Nigerian constitutions have usually stipulated a lower age bound for elective offices (40 years currently for the presidency) but, as in several other countries, never an upper bound. They prescribe term limits but never an age ceiling. This was the reason some of Nigeria’s notable political grandees came out of retirement to contest the presidential election in the 2nd Republic. Dr. Nnamdi Azikiwe and Chief Obafemi Awolowo were aged 75 and 70 respectively when they contested the 1979 presidential election; and they’d turned 79 and 74 when they returned for the 1983 contest. But of course, neither of them won. Buhari has somehow managed to succeed where those other septuagenarians failed, becoming the only head of government so far in our history to assume office in his 70s. Buhari was pushing 73 when he emerged as democratic president in May 2015, a clear 25 years older than the average inceptual age of all previous incumbents, military or civilian (see chart below). In fact, Buhari started his democratic tenure at an age older than Olusegun Obasanjo was when the latter ended his second term. Whereas Obasanjo – the next oldest in our pantheon of incumbents – ended his second term aged 70, Buhari is set to finish his second term pushing 81.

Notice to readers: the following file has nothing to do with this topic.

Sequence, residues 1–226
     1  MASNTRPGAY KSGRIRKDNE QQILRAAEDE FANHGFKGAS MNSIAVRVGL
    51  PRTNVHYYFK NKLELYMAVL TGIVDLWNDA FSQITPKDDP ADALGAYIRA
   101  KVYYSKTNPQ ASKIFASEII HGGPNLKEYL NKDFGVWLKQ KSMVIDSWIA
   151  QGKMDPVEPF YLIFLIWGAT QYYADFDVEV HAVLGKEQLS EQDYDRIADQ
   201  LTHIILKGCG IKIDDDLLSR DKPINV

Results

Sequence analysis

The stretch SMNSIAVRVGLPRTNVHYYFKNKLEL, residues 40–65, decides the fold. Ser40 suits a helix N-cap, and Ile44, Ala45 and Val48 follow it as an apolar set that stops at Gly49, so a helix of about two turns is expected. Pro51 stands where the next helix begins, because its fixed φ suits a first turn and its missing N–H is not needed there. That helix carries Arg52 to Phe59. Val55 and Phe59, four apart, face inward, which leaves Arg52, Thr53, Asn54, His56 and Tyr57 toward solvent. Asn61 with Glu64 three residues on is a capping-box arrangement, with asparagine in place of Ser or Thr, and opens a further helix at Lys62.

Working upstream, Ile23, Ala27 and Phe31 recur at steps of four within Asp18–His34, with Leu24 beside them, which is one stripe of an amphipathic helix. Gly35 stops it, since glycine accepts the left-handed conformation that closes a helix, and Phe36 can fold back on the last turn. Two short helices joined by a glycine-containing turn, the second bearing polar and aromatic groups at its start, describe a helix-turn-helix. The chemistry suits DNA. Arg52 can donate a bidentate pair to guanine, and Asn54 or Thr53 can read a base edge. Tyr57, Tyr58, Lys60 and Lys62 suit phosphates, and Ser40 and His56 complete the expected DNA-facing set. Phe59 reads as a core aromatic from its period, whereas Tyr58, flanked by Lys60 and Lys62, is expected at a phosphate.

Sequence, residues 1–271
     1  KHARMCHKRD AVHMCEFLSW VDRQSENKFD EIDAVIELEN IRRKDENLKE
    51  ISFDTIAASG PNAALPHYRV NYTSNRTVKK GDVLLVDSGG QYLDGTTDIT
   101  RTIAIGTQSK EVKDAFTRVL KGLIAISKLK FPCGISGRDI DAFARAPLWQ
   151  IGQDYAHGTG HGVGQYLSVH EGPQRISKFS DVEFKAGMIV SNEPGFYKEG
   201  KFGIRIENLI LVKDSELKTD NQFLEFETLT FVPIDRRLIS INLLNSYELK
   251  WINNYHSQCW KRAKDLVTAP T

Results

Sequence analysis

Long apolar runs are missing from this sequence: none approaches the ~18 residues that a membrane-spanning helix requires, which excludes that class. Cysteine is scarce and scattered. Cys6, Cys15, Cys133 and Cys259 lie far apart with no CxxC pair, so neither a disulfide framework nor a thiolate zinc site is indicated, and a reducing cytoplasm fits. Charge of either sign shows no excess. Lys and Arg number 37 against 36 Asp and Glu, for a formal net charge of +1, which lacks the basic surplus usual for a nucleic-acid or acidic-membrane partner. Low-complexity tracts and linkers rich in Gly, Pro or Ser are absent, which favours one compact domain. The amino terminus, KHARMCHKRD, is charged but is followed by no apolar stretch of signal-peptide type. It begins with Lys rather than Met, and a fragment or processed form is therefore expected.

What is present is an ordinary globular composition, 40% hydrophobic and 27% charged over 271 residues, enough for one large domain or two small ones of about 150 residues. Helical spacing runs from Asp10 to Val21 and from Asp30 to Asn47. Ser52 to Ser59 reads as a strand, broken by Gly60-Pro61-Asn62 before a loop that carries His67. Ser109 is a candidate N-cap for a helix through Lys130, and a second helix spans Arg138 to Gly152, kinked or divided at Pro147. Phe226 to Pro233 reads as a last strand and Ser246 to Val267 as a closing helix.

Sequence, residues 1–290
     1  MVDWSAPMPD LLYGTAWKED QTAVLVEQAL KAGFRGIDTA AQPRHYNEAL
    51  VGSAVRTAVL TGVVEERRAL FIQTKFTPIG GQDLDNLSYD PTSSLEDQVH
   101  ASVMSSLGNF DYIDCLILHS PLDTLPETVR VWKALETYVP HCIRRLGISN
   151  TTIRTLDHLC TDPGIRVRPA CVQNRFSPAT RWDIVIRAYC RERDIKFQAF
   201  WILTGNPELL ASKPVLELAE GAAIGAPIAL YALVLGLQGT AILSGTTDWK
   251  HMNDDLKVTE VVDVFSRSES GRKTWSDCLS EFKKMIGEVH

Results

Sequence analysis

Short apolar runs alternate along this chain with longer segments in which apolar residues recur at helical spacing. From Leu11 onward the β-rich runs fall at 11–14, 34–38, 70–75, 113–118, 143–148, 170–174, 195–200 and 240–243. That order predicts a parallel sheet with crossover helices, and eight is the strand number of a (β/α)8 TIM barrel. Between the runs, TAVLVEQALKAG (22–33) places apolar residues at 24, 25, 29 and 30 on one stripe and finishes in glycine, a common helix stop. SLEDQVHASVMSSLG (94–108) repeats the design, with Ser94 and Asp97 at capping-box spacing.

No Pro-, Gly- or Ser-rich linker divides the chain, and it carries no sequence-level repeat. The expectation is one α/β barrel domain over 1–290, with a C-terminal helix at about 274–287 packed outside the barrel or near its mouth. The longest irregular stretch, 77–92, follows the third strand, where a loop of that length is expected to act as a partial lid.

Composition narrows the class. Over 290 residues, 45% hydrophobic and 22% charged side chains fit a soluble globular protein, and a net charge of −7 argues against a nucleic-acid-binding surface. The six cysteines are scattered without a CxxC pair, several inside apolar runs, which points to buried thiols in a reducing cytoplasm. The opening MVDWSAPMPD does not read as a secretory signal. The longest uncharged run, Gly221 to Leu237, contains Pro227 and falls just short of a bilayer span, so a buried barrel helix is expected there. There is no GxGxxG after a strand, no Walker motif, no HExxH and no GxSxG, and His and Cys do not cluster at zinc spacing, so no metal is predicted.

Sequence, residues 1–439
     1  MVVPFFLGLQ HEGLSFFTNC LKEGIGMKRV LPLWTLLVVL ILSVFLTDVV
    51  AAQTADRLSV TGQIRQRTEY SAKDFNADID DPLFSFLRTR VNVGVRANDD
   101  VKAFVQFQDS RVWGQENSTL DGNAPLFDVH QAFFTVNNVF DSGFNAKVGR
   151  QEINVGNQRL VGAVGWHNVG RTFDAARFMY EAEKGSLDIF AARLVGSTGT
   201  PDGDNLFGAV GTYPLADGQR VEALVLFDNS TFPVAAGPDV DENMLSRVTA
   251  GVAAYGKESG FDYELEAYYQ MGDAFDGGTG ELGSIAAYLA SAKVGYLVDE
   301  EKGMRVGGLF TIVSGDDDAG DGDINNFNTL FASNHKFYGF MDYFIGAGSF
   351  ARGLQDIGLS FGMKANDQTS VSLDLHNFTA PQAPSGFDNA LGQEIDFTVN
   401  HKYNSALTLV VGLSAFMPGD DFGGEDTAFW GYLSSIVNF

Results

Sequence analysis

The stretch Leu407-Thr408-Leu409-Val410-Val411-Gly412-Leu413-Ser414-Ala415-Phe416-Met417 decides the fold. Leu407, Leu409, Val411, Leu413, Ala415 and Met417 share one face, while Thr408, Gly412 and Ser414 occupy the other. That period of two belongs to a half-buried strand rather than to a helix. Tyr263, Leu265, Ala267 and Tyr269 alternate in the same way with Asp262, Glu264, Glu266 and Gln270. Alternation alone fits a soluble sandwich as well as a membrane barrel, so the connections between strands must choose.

Nigeria: Head of Govt. vs Aspirant Ages

We are now witnessing a repeat in the current presidential election cycle. As we show in the chart above, where the average inceptual age of all incumbents before Buhari was 48, the average age of the top three candidates in the 2023 election would be 70!

It becomes quite glaring when we consider individual candidates. If Atiku Abubakar wins the 2023 election, he would assume office five months shy of his 77th birthday, and would be edging toward 81 as he wraps up his first term in 2027. If Atiku seeks re-election and wins, he would be almost 85 by the end of his second term! He would then become the oldest person ever to head the federal government of Nigeria, wresting that dubious distinction from Buhari.